CCDs are analog devices that collect photons and convert them into charge. The collected charge is then shifted to the output, where an ADC digitizes it.

The TCD1304 datasheet provides this figure.


The output signal from the TC1304. A dummy-pixel or an unexposed pixel has the value OS and the higher the exposure, the lower the output voltage.

In brief; the output signal is the reverse of the intensity of the light hitting the pixels. The two key values to know is the voltage of an unexposed pixel (OS), and the voltage of a fully saturated pixel (Vsat).

The OS-voltage depends on the supply voltage, which may be convenient to know, if the TCD1304 PCB with LDO is used.OS-Vinput

The raw output from a TCD1304 on an oscilloscope looks like this:


The output (blue) from a TCD1304 connected directly to GPIO’s on a Nucleo F401RE.  OS = 2.5 V. Vsat = 0.6 V. The ICG-pulse is also shown (red).

The picture changes slightly when the TCD1304 is placed in the drive circuit described in the datasheet:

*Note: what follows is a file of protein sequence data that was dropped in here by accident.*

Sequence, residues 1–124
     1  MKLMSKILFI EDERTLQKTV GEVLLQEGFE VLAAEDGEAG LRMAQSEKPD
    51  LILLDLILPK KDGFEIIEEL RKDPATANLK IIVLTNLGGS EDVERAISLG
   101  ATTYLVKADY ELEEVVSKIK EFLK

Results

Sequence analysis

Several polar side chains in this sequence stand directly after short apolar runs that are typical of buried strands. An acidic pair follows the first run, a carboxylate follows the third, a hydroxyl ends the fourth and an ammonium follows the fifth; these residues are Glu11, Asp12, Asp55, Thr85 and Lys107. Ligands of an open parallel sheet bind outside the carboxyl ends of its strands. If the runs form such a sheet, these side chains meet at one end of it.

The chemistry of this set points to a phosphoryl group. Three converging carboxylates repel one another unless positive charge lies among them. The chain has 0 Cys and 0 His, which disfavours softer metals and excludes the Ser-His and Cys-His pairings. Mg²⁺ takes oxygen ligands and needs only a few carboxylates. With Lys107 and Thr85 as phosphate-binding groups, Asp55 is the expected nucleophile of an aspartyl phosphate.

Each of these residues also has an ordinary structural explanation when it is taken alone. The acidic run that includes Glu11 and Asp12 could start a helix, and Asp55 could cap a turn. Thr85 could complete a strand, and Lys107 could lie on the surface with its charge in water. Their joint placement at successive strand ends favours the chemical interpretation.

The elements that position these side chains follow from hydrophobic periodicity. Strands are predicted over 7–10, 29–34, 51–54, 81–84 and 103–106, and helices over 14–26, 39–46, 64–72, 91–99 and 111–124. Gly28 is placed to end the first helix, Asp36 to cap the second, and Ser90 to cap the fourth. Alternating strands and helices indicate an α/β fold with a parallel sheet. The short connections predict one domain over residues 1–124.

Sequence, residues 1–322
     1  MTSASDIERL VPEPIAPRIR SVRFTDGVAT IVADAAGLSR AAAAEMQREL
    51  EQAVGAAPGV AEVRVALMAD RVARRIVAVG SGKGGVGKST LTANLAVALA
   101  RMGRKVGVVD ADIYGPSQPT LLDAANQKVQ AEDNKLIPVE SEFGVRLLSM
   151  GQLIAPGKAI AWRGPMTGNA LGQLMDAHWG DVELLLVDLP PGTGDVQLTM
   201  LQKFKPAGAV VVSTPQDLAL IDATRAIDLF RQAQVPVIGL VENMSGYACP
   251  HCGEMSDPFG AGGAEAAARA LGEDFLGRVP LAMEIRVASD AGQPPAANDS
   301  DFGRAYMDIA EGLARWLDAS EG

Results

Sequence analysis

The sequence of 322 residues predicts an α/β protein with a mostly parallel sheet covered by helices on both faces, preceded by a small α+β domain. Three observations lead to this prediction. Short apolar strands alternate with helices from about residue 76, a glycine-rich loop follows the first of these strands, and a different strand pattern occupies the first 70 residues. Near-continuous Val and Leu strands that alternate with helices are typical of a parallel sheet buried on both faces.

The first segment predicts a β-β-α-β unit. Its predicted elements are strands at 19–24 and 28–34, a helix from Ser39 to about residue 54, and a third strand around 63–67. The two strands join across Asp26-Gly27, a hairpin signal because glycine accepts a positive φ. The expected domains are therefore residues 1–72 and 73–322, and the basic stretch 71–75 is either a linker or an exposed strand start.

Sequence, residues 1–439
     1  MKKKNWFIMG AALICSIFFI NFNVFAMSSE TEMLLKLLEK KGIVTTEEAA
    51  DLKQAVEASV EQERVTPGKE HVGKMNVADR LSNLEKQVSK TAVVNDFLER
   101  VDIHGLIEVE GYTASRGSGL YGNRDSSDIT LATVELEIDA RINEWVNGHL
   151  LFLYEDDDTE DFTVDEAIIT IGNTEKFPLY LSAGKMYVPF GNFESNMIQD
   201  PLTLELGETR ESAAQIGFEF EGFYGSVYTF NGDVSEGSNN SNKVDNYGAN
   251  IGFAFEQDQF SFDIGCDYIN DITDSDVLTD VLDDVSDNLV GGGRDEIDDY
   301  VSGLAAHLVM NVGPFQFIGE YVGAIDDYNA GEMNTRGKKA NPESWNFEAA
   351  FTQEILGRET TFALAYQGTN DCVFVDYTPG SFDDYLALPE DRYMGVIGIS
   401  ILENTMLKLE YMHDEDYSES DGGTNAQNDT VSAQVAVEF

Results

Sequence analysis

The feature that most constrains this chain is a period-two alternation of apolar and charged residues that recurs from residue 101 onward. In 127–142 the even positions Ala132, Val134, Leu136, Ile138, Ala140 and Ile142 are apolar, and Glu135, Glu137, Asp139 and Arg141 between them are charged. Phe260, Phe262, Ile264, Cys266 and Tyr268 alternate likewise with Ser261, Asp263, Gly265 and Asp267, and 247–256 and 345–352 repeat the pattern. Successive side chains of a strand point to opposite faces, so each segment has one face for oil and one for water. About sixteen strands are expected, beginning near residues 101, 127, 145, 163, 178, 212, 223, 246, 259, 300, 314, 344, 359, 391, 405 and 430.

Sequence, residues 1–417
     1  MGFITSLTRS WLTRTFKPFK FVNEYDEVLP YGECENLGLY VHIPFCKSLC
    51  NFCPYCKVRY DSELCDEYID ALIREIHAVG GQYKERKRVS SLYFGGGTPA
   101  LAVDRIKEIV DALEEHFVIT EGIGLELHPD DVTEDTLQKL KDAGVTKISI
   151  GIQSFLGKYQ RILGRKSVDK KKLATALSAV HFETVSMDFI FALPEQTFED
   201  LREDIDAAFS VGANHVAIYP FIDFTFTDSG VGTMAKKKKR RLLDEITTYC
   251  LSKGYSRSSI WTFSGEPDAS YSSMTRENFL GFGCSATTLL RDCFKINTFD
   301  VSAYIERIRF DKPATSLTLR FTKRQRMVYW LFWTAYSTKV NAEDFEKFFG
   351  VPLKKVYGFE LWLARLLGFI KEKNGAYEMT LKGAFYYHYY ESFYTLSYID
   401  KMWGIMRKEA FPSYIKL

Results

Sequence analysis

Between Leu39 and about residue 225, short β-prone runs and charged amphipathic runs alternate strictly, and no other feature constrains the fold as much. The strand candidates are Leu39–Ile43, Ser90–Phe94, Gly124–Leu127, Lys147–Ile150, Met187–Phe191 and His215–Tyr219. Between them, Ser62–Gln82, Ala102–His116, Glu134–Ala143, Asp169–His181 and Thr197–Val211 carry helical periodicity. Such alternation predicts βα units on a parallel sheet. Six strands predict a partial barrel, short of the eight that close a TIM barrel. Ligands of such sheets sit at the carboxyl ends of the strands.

The output from a TCD1304 in the typical drive circuit. The signal is buffered by a transistor (SA1015-Y),which changes the values of OS to 3V and Vsat to 1.5V.

The noise seen in both figures stem in part from the oscilloscope. When the capture is done with the ADC in the STM32F401RE it’s cleaner:


The output from a TCD1304 read with the ADC in the STM32F401RE.

And if you want it really neat, you can average several exposures:


The output from a TCD1304 averaged over 5 identical exposures.

You may argue that it would be nicer to have a signal that is proportional to the intensity of the light striking the sensor. This is not impossible and Dave Allmon’s CCD Transmission Spectrograph has an example of such conditioning of the TCD1304’s output to the ADC he uses, and I took the liberty of copying his idea. Read more about that here.

However, as long as the output from the CCD is in the ADC’s range¹ you can also do that in software, though it will be at the expense of the resolution if the ADC’s range is underfilled.

¹ The range of the STM32F401RE’s ADC is 0-3.3V. The ADC has 12-bit resolution, so an input of 3.3V corresponds to a value of 2¹² = 4096, and 0V corresponds to a value of 0. There’s a linear correlation between input voltage an the converted value:


The original posts at erossel.wordpress.com:
Driving the TCD1304 with a Nucleo F401RE
A circuit board for the TCD1304
More on the Nucleo F401RE’s ADC